There are currently around 147,000 EU students studying in the UK, contributing £5.1 billion to the UK economy, with many industries depending on foreign students to fill jobs, in fact over 20,000 UK jobs are dependent on foreign students. The UK government has said that EU students applying to study at English, Welsh and Scottish post 16 educational organisations in 2019 and 2020, will continue to pay the same fees as domestic students and will be eligible for the same loans and grants. This will remain the situation for the duration of their course, whether it a degree, apprenticeship or further education qualification.
As universities become increasingly more dependent on EU and international students, as the population of 18 year olds in the UK falls, there is concern over how attractive UK universities will be to EU students following Brexit. Currently international students averagely pay 61% more than UK and EU students to study here. It is the excellent reputation of our universities that attracts large numbers of international students, however when those from the EU are faced with higher costs they may well decide to study nearer home.
Other Brexit concerns for the education sector are staffing, demand for education, supply chains and cash flow. 57% of schools and colleges currently employ EU Nationals, so they will be relieved to hear that the government has announced that EU citizens who already have ‘indefinite leave to remain or enter’ the UK can stay without taking any action. Others, and their families, will be able to apply for ‘Settled or Pre-Settled Status’ so they can continue living in the UK after 2020. However, attracting new staff may well be more of a problem due to the removal of the freedom of movement between the UK and the EU.
Colleges, independent training providers and universities are also commercially funded by employers providing training for their staff and by the apprenticeship levy which is paid by those employers whose PAYE is in excess of £3 million. They are required to pay into their levy the sum of 5% of their PAYE bill. This money can only be spent on putting employees through an apprenticeship programme. It is topped up by government funding. As many employers, particularly in the retail sector, reduce employee numbers, pause employment, investment and unnecessary expenditure the amount of money going into levy pots reduces. Non-levy paying employers such as SMEs tend to reduce or stop staff development, a short sighted action, but never the less when cash flow is difficult reducing expenditure can be a matter of being in business or losing the business.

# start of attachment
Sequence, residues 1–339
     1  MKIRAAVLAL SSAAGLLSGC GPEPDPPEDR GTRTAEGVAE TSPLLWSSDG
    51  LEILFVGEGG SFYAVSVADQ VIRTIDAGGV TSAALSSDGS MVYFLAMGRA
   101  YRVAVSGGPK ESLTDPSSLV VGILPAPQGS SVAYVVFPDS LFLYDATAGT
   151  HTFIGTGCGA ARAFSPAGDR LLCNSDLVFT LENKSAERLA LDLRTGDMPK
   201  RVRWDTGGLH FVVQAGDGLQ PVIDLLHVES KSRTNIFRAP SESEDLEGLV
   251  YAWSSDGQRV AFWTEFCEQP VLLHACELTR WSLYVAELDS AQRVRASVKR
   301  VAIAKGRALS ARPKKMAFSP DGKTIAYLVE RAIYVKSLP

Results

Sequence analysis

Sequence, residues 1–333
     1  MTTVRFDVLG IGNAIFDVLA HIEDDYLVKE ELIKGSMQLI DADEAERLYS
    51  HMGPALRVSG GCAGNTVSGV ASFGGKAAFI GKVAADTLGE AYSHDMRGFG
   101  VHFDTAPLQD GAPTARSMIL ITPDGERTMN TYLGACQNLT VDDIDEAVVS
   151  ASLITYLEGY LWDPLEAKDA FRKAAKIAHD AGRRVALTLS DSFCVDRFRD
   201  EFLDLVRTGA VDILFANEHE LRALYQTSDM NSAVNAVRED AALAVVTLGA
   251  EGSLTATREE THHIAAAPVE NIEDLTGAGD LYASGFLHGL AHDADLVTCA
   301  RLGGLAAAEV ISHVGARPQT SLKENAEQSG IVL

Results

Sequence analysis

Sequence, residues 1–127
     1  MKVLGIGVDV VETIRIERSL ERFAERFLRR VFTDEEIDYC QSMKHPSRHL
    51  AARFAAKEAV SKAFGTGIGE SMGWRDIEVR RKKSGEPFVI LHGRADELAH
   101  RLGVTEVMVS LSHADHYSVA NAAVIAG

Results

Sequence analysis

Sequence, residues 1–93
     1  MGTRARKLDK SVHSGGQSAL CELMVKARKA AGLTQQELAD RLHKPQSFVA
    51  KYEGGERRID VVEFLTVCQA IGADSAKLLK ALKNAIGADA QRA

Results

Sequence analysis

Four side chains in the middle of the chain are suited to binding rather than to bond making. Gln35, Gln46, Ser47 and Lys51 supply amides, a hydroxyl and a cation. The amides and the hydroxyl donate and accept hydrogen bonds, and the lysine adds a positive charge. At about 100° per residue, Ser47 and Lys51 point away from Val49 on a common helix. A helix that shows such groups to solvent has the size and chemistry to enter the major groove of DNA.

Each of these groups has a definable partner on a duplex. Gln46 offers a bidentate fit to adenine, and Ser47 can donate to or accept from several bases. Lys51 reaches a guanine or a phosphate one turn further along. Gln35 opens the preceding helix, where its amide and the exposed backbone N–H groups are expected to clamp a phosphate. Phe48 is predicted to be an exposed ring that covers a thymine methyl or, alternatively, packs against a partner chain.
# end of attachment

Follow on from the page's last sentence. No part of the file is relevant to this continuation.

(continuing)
There certainly is a lot of gloom and uncertainty around the UK’s exit from the EU, but where there are threats there are usually opportunities. As the UK prepares to negotiate free trade agreements around the world, further and higher education are well placed to strengthen their position on the world stage. Areas of provision that can gain from wider collaboration with other countries are science, innovation and research, the use of a reputable education brand overseas and delivering education in other countries. Already we have many schools, colleges and universities with bricks and mortar establishments in places such as Saudi Arabia, Dubai and India, and virtual campuses with limitless reach are increasing in number. You only have to look at Future Learn, which is a private company owned by The Open University with over 3 million learners, to see how virtual delivery is developing at a face pace. Future Learn has hundreds of partners delivering online courses, including universities, colleges and organisations such as the Chartered Institute of Building Academy, the NHS Leadership Academy and London College of Fashion.
At eLearning Marketplace we work with educational partners in several ways to enhance their funded provision or to provide additional commercial opportunities. Partners are delivering online content as part of funded programmes, such as apprenticeships, and they are reselling our online courses to their students, employers, parents and global audience.
Although the annual Ecclesiastical survey, which looks at the opportunities and challenges faced by the education sector, found that 48% of the education sector considers that Brexit will have the biggest impact on student numbers, the drop in the pound has meant that the UK has become more competitive and attractive. In particular Asian students who had previously thought of going to a US university are now looking at the UK as an alternative destination.
Clearly no-one knows the future, and there are certainly a lot of uncertainties about the next couple of years and post Brexit, however the UK post 16 education and training sector is extremely good at what it does and faces change and challenges with agile ability. Innovation and ambition is the key to grasping opportunity and creating the future, so let’s envisage a bright future for a sector that is highly valued.
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Article written by Carolyn Lewis, Managing Director, eLearning Marketplace Ltd